Saturday, 20 January 2018

A Swiss Confection

Well, I survived my encounter with the wild clans of the South Island and am back at my at my painting desk. To ease myself back into the painting groove I've decided to have a go at another general officer figure.

The figure I picked was another one of the Der Kriegspielers command figures (set #50) featured in a previous post. He is the generic French general figure, who is clearly based on a Hinton Hunt FN 224: French General. Interestingly the DK version has the horse's head turned slightly to the right, rather than to the left as in the HH version, and the rider's head is turned to the left rather than to the right.


My version of this figure is also painted red because he is to be Nicolas Antoine Xavier Castella de Berlens, who was the only officer in any of Napoleon's Swiss regiments to reach the rank of General de Brigade. The uniform he is wearing is based on a portrait which was probably painted in late 1815. I couldn't find a colour photo of this portrait, but an engraved copy can be seen in the Anne S.K. Brown Military Collection, here. He is to command the 3rd Swiss on the grounds that Marshal Soult always seemed a little too grand for that gig, and because I really fancy having a French general dressed in red!



Castella de Berlens started his military career in the Saxon Swiss Guards, but was persuaded to transfer to the French service (despite being a convinced Royalist) in 1806. He commanded the 2nd Swiss Regiment in Spain and Russia and was made a General de Brigade in 1813. It seems fairly clear, however, that he never went into in action in this capacity. Having been badly wounded in Russia, he sat out the 1813 and 1814 campaigns, and then made himself scarce (along with most of the other Swiss officers in Napoleon's service) during the Hundred Days.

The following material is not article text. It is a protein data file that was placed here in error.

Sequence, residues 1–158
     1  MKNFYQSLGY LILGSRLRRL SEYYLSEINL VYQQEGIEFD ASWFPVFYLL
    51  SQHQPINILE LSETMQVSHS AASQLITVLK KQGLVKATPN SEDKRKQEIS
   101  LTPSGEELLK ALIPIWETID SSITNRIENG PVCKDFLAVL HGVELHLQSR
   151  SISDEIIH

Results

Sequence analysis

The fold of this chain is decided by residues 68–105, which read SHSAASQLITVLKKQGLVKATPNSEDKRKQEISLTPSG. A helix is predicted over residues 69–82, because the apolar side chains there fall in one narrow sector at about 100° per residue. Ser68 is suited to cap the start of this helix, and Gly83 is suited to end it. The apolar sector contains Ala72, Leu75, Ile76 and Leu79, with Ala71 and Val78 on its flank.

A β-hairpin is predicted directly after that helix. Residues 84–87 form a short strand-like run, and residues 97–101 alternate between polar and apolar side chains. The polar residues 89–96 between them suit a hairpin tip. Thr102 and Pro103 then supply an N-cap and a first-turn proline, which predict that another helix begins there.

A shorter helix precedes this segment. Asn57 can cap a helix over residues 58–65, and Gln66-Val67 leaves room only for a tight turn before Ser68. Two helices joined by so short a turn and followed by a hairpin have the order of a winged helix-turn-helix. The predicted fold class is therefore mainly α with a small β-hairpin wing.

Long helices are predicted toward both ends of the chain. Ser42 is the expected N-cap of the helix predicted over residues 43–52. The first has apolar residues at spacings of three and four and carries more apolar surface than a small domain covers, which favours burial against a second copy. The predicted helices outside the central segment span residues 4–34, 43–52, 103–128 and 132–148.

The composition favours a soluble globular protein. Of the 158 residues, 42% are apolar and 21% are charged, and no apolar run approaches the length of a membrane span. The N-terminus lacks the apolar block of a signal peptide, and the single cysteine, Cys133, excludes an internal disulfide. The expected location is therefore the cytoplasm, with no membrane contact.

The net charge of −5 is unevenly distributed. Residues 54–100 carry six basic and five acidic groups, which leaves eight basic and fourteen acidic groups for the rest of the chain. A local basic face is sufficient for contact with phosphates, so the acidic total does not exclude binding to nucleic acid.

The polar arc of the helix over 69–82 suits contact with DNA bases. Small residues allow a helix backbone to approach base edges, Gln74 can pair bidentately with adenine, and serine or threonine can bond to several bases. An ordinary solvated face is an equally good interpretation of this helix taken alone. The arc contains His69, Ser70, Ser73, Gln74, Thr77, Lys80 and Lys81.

To make his uniform conform to the portrait I filed off the single row of buttons running down his chest and replaced them with a double row, and also added a bit of fuse wire to represent the leather cord that he used to suspend his sabre. The only other thing required after that was a bit of filing and scoring of his pistol holsters to simulate the fur covers which can also be seen in the portrait.

I hope you like him.

WM

24 comments :

  1. That is an impressive job of refurbishing that figure. The general would be proud...

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  2. A lovely figure beautifully painted.
    Alan

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  3. He looks superb, well done!

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  4. Superb work WM - let's hope somebody tells the voltigeurs which side he's on!

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  5. Like him? we love him! Great piece of work WM. I assume the reorientation of the heads of man and horse is one thing of those minor tinkerings undertaken in the days when people thought that a minor change in an item meant that copyright no longer applied. Given that we regularly field forces that defy actual orbats it hardly matters that he was convalescing whilst the actual fighting was going on.

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  6. Both man and horse are two of the most stunning figures you have painted! Absolutely beautiful brushwork.